By Michael Goldstein
By Dennis Romero
By Sarah Fenske
By Matthew Mullins
By Patrick Range McDonald
By LA Weekly
By Dennis Romero
By Simone Wilson
In interviews with the Weekly, planners and administrators throughout the city bureaucracy expressed irritation at Genesis for what they perceive as its taking credit for the work of others. This frustration reaches even into the Mayor’s Office itself.
At the same time, sources interviewed were confused over what Genesis has been up to. In that respect, Genesis has assumed the secretive and even undemocratic modus that has long typified the Riordan administration. Genesis puts the city seal on its documents, but when reporters wanted a list of the for-profit fund’s investment properties, an official said the information was “proprietary” because the fund is private and not subject to public-records laws. City Council members and staff complain that they’ve been shut out of development negotiations, then presented with done deals that they either must approve or face criticism for being obstructionist or “anti-business.”
But there haven’t been many realized deals — done or otherwise.
“I think they’re still trying to find their way,” said City Councilman Mark Ridley-Thomas of the Genesis effort. “What they’ve accomplished is unclear.” Like other Riordan initiatives, he said, it’s “been rather difficult at best to get off the ground and have an impact.”
In Ridley-Thomas’ South L.A. district, a rising shopping center called Chesterfield Square was recently promoted to Genesis status. In his view, however, Chesterfield Square has been of more help to Genesis than the other way around. “That project is not under construction as a result of the mayor’s economic-redevelopment office,” said Ridley-Thomas, adding, “The Mayor’s Office was largely disruptive, even to the extent of discouraging potential business tenants. We were told personally by tenants that they were being steered away from the project, that it ‘might not be the best deal in which to participate.’”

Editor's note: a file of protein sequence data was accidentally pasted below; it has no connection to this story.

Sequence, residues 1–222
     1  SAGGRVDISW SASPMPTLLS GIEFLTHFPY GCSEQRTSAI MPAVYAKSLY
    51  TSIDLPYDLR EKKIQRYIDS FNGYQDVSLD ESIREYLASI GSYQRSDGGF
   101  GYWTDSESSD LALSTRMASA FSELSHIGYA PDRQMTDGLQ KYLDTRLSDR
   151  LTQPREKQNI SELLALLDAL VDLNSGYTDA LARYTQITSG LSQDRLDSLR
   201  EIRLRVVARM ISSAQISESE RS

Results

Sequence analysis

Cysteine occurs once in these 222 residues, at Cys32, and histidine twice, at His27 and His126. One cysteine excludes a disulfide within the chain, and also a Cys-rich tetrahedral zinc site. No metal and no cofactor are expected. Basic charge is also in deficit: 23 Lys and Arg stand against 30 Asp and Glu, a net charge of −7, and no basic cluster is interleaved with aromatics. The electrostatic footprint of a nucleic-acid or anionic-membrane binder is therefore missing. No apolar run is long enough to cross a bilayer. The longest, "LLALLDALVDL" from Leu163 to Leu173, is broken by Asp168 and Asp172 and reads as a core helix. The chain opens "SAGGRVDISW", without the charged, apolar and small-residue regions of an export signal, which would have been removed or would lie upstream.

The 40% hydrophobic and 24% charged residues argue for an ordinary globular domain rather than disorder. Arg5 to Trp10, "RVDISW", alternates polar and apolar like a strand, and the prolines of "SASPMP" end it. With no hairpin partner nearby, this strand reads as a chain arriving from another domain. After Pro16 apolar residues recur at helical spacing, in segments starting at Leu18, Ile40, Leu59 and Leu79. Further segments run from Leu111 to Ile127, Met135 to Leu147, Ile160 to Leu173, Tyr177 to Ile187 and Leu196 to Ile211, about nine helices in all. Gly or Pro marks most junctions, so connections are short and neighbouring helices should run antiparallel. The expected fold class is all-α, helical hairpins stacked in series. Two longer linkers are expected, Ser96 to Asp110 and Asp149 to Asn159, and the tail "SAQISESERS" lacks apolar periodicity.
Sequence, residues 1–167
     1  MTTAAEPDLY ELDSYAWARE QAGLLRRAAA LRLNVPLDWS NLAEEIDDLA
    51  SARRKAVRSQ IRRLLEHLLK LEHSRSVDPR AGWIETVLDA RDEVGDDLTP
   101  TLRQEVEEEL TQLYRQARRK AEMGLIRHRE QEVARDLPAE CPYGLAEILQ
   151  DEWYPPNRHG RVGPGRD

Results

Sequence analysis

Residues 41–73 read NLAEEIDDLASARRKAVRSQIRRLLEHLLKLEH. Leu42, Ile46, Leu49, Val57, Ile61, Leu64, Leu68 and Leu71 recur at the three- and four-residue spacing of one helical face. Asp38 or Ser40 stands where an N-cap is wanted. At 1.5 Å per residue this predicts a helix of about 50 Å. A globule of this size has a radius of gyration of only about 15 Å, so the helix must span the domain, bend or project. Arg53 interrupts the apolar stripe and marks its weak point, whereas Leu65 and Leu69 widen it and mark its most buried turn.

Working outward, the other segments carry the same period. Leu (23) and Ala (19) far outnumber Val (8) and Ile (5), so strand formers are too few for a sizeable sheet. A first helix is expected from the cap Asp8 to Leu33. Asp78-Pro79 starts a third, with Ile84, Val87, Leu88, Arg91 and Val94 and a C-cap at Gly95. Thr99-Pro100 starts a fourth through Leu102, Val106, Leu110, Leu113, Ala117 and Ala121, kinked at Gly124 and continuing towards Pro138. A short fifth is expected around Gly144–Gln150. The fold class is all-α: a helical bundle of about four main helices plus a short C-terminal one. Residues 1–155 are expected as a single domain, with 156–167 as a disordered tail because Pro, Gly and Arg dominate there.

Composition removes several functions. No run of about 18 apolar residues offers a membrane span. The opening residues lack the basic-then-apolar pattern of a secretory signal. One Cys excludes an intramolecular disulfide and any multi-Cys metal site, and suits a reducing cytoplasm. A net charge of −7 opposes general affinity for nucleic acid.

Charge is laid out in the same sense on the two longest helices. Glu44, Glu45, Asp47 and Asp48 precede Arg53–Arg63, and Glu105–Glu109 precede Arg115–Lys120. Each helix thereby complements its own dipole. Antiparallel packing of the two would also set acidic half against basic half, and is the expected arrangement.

At the time, the Mayor’s Office was heavily involved with Magic Johnson’s development team in a plan to rejuvenate the nearby Santa Barbara Plaza. The Johnson venture never took off. Said Ridley-Thomas: “There are no two ways about it, the mayor’s staff, Delgadillo et al., did precious little to help the Chesterfield project come to fruition. As a matter of fact, they stood in the way.”
Chesterfield’s developers took a more positive view, saying they are grateful for the recent efforts of the mayor’s Business Team to help their project get government subsidies. Several Chesterfield developers are among the many who have contributed to Delgadillo’s campaign.
And why not?
“Rocky gets shit done,” commented one developer, who asked that his name not be used.
Take, for example, the deal involving Alfred Mann and the Lakeside Debris Basin. Eventually, the Mayor’s Office got the initial asking price lowered by more than a third. Mann’s purchase was approved by the City Council last week without discussion. Mann is holding a second fund-raiser for Delgadillo later this month.
“What Rocky gets done will have a lot do with who gave him dollars and who is friends with him,” said the developer. “But Rocky gets shit done.”
Dennis Dockstater contributed to this story.
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